Early adolescence is a critical period shaping one’s views of self and world. It is crucial to help high SES junior secondary students to form empathetic outgroup understandings. This may be the first step helping the vicious cycle of increasing social segregation and intergroup misunderstandings.
Previous studies have shown music as collaborative tasks can facilitate deep level of engagement. In view of this worrying trend, we developed an online music-mediated intergroup contact intervention, aiming to primarily examine its efficacy on improving outgroup knowledge and empathy. Secondarily, we also aim to examine the efficacy of the intervention on reducing misunderstandings, prejudiced attitudes and increasing intended intergroup friendship.
Methods: The pilot study adopted a randomized trial. The online music-mediated program includes 8 weekly sessions to purposefully engaging high SES junior secondary students and low SES lower primary students going through a meaningful journey together. We adopted online contact mode to reduce barriers to joining the program.
Data and samples: We recruited 16 junior secondary students as our primary research population. Corresponding number of lower primary students were also recruited to the intervention group. Participants were recruited thorough the poster promotion in DSS schools and community centres.
Measures: Adapted scale from previous research was used to measure outgroup knowledge and misunderstandings and attitudes. Outgroup empathy was measured by Interpersonal Reactivity Index Chinese Version (C-IRI). Outgroup intended crossgroup friendship was measured by Outgroup Behaviour Tendency scale. Implicit measure was also used to measure the prejudiced attitudes. Measures were taken at the baseline, post-intervention, and 2-month-post intervention intervals.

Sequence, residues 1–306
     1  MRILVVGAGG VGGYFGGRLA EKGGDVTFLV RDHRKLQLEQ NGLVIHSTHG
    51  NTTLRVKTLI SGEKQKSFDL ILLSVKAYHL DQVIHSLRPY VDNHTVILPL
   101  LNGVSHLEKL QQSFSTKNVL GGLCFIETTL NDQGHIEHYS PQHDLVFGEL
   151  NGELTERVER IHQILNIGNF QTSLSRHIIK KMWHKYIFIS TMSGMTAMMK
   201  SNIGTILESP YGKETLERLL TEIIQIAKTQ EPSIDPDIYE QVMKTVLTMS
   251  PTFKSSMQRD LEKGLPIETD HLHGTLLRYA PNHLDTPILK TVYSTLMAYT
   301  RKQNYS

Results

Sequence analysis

Data analysis: Repeated measures MANOVA and ANOVA were adopted to examine the efficacy of the intervention.
Conclusion and implications: Our findings support the efficacy of the online music-mediated intergroup contact program in improving outgroup knowledge and empathy towards low SES primary students. This study has marked practical and theoretical significance. At practical level, being an online intervention, it can be easily scaled up and be available for potential participants in diverse locations. Not needing to travel or meet strangers in person, the intervention will have higher acceptability. At theoretical level, the study has demonstrated the feasibility of achieving in-depth intergroup engagement online. This novel contact model might be transferable to other context, including those with conflicting groups separated geographically.